BRIEF DESCRIPTION OF THE DRAWINGS

The present invention is best understood with reference to accompanying drawings in which:

FIG. 1 is a block diagram of an imaging apparatus according to on embodiment of this invention;

FIG. 2 is a detailed block diagram of the adding means shown in FIG. 1;

FIGS. 3(a), 3(b) and 3(c) illustrate an adding operation of the adding means shown in FIG. 2;

FIG. 4 is a detailed block diagram of the converting means shown in FIG. 1;

FIG. 5(a) and 5(b) illustrate operations of the adding means and the converting means shown in FIG. 1;

FIG. 6 is a detailed block diagram of the detecting means shown in FIG. 1;

FIG. 7 is a block diagram of the imaging apparatus according to a second embodiment of this invention;

FIG. 8 is a detailed block diagram of the adding means shown in FIG. 7;

FIG. 9(a)-9(d) illustrate operations of the adding means and the converting means shown in FIG. 7;

FIG. 10 is a block diagram of the imaging apparatus according to a third embodiment of this invention;

FIG. 11 is a block diagram of a fourth embodiment of this invention; and

FIG. 12 is a block diagram of a configuration for adding the variable levels of a power spectrum signal within a predetermined frequency range.

DESCRIPTION OF THE PREFERRED EMBODIMENTS

Referring to the accompanying drawings, an embodiment of the present invention will be described. However, in the drawings, the same numerals are applied to the similar elements in the drawings, and therefore the detailed description thereof is not repeated.

As shown in FIG. 1, the imaging device 10 is a device for picking-up images of objects and producing image signals corresponding to the appearance of the objects. The imaging device 10 may be a CCD (Charge Coupled Device) camera. In the imaging device 10, the image signals are converted into digital image signals to be supplied to adding means 11 through a data bus 10a. The addition means 11 executes adding of the digital image signals that are adjacent in one direction on a picture and supplies resultant signals to converting means 12 through a data bus 11a.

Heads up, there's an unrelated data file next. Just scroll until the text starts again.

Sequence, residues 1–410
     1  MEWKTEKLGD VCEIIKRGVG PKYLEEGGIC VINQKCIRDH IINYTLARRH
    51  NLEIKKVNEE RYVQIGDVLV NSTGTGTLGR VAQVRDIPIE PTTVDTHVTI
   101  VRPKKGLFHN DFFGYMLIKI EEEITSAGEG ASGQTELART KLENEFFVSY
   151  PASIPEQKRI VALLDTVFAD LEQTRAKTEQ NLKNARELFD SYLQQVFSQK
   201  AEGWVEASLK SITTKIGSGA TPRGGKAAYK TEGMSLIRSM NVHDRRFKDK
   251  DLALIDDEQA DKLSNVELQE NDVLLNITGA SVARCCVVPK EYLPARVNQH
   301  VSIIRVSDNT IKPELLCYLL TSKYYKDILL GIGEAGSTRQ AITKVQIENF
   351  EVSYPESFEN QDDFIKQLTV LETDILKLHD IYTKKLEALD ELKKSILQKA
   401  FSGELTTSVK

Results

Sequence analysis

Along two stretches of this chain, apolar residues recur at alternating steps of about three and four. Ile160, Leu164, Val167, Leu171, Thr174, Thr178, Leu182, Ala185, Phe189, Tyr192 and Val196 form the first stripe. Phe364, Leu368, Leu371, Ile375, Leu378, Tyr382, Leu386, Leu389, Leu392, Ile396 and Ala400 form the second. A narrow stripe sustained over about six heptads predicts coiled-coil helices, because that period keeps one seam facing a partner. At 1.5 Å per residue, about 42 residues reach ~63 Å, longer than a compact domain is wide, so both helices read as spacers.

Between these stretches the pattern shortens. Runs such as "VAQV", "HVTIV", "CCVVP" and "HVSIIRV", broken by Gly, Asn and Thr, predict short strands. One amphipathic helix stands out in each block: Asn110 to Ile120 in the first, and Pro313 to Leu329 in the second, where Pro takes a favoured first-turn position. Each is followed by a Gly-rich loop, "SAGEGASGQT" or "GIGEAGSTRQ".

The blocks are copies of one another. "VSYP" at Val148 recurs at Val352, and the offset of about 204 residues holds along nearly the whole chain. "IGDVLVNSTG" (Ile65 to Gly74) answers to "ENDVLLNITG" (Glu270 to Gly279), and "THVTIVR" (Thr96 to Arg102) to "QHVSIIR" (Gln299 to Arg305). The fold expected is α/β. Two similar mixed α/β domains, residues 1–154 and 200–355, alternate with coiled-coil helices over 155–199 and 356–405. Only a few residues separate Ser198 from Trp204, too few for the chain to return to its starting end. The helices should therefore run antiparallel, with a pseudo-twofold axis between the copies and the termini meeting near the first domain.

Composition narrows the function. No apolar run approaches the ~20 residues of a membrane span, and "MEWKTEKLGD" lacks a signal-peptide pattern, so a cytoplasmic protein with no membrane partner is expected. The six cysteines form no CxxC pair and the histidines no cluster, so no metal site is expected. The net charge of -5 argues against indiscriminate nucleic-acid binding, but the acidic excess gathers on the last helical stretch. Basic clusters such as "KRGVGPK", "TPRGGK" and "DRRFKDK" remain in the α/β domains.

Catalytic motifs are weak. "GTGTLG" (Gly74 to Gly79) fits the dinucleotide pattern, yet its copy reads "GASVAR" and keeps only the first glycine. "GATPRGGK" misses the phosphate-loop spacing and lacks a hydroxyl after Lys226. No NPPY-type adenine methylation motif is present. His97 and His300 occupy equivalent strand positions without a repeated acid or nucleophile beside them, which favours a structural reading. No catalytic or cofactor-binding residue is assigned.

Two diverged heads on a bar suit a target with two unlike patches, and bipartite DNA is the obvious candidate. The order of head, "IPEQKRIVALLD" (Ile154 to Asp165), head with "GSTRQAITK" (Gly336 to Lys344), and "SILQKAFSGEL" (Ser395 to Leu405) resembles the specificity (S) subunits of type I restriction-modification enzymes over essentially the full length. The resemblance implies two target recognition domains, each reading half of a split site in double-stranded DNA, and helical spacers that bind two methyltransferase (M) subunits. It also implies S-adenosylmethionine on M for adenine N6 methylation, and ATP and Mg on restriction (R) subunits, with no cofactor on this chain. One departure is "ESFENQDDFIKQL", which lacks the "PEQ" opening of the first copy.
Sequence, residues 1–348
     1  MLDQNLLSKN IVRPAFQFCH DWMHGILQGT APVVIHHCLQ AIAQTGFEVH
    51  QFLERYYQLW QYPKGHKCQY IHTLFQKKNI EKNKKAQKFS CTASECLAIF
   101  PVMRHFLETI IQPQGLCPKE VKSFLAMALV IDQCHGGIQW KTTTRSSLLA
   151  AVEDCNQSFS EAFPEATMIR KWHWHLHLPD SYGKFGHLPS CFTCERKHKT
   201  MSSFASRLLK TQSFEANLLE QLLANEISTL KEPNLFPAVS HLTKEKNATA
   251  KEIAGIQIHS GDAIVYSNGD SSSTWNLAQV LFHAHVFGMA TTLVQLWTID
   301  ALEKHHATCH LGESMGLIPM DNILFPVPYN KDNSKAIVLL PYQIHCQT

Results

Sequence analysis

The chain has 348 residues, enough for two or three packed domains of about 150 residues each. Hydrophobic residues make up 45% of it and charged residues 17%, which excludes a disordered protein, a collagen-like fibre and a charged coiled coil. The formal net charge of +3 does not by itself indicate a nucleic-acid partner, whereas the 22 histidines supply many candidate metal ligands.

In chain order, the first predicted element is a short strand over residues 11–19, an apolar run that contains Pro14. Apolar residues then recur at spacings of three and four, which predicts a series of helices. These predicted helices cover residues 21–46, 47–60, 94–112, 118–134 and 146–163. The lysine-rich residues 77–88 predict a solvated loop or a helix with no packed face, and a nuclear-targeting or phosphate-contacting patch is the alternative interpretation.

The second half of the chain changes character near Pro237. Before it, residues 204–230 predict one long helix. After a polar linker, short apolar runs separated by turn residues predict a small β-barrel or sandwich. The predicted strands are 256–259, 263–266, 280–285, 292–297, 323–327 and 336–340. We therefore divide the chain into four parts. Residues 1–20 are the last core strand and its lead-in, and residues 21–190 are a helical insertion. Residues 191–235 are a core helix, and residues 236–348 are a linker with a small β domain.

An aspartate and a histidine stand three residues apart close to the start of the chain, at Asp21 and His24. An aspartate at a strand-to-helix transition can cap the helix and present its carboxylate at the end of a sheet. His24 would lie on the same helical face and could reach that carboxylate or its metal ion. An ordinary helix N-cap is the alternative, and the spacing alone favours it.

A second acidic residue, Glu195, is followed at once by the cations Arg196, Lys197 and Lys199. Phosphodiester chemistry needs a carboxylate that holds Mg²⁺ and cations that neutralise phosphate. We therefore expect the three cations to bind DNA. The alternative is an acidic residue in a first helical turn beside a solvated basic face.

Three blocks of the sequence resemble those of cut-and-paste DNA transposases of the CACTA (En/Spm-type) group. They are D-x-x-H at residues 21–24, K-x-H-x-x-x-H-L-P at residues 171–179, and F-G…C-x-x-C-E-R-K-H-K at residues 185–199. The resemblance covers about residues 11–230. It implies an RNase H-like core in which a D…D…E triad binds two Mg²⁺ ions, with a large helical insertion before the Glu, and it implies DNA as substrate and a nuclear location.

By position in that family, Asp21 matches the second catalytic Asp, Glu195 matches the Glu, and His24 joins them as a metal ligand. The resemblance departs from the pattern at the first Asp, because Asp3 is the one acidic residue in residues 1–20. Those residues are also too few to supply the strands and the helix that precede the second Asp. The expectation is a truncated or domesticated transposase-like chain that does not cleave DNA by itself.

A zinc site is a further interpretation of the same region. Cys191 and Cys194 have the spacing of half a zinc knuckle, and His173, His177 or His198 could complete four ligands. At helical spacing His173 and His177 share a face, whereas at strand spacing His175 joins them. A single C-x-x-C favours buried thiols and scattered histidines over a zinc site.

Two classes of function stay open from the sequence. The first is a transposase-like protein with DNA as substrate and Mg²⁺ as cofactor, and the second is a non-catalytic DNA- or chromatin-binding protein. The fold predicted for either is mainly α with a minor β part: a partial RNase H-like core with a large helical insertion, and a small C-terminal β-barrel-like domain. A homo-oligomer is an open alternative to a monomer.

The converting means 12 changes the output signal of the adding means 11 received through the data bus 11a into a power spectrum signal.

The power spectrum signal has a level which varies in relation to contrasting portions in the appearance of the object at a specified time, and is supplied to detecting means 13 through a data bus 12a.

The detecting means 13 compares the level of the power spectrum signal with a reference signal level. In the event the power spectrum signal level is higher than a reference signal level, the detecting means 13 decides that a selected type of pattern, such as characters, exist on the object and supplies a detecting signal to output means 14 through a data bus 13a.

The output means 14 produces a signal which shows whether a selected type of pattern exists on the object. The output means 14 may be visual displaying device, such as a CRT, an LCD, or an LED, or may be a printing device, such as a thermal transfer printer. Further, the output means 14 may be an output circuit for producing a signal to stop a production process or assembly line in a factory when a flaw is found on a material.

The imaging device 10, the adding means 11, the converting means 12, the detecting means 13 and the output means 14 are connected with a control bus 15a and are controlled by controlling means 15, as mentioned above.